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Alabama boasts successful Hunter Education Program

The highly successful Hunter Education Program in Alabama thrives on volunteers who help teach young and inexperienced hunters safe firearm handling and safety in the field.

Showing appreciation for those who volunteer is an aspect the Alabama Department of Conservation and Natural Resources’ Wildlife and Freshwater Fisheries Division (WFFD) deems essential to maintain its treasured volunteer workforce.

In Baldwin County recently, Conservation Enforcement Officer Thad Holmes and Hunter Education Regional Coordinator James Altiere made sure those volunteers knew how important their help is via a jam-up dove hunt at Alligator Alley in Summerdale.

“We’ve had a lot of volunteer instructors help us,” said Thad Holmes, one of three conservation enforcement officers in Baldwin County, the largest county in Alabama in terms of land area. “These volunteers make it easier and more accessible for the kids coming of age (16) and younger to take the hunter education course.”

Alabama Division of Wildlife and Freshwater Fisheries personnel and volunteer instructors supervise and instruct at the field day, and students must learn and demonstrate skills such as loading and unloading different types of firearms, safely crossing fences, and other hunter safety activities.

Students who successfully complete the hunter ed course receive a certification card that is recognized by other states across the nation.

Altiere said the volunteers are especially crucial for the field days for the online and CD courses, which have become the dominant methods used to complete the hunter education training. He said the traditional three-day course instruction could get by with only a few instructors. However, the online/CD field days take from 10-12 officers and volunteers to deal with a typical graduating class.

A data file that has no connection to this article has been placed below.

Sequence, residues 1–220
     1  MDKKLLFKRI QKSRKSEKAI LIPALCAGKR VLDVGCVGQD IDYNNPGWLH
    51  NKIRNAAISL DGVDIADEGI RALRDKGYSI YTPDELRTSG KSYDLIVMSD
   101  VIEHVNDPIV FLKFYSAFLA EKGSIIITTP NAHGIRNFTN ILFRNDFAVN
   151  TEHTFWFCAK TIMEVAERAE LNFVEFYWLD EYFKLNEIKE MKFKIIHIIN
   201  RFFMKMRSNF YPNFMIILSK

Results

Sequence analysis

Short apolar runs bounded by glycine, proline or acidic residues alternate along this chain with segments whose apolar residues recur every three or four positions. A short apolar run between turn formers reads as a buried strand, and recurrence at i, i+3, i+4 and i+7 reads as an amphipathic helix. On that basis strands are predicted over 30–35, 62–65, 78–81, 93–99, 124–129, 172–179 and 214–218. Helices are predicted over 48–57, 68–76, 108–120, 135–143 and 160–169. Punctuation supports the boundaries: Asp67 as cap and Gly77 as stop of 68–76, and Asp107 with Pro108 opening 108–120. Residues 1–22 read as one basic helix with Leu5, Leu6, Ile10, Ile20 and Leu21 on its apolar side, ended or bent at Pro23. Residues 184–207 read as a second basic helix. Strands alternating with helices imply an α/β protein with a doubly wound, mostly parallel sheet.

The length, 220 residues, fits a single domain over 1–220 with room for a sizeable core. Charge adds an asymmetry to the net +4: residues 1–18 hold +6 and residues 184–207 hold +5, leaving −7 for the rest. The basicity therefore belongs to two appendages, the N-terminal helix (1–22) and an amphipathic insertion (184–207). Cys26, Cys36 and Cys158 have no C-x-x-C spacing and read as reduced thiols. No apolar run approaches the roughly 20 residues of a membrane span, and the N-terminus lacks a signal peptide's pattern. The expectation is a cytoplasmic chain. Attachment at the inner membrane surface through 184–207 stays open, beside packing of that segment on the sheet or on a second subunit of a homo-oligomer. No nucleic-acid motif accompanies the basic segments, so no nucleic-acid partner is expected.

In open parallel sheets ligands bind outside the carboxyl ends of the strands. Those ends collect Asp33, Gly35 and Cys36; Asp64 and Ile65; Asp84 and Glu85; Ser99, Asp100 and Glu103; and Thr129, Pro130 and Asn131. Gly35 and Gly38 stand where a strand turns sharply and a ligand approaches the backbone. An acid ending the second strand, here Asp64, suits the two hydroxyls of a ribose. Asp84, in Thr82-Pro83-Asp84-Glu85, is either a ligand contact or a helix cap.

“Sometimes we just barely have enough instructors,” Altiere said. “At a field day, it takes about a dozen volunteers. The advantage and disadvantage of the field day is it’s a shorter period of time, but it takes a lot more people to do it. We need to do whatever we can to show our appreciation for these volunteers, so the dove hunt was for them.”

Holmes and Altiere said the Alabama Conservation Enforcement Officers Association provides some funding to offset the cost of the volunteer events, which also includes a sporting clays outing at Gary Cox’s Bushy Creek Clays.

Not only did Altiere achieve the goal of showing appreciation to the volunteers, he was also able to introduce a youngster, 10-year-old Clay Newton of Greenville, to the world of dove hunting.

“Clay had a big time,” Altiere said. “It was his first time to shoot doves. He had never shot a 20-gauge before. I took him hunting on my farm a few days after the dove hunt and he got five squirrels and a rabbit. Now he wants to know when are we going to have the next one.

“The main things I set out to do were done. That little boy had a blast, and the volunteer instructors had a good time.”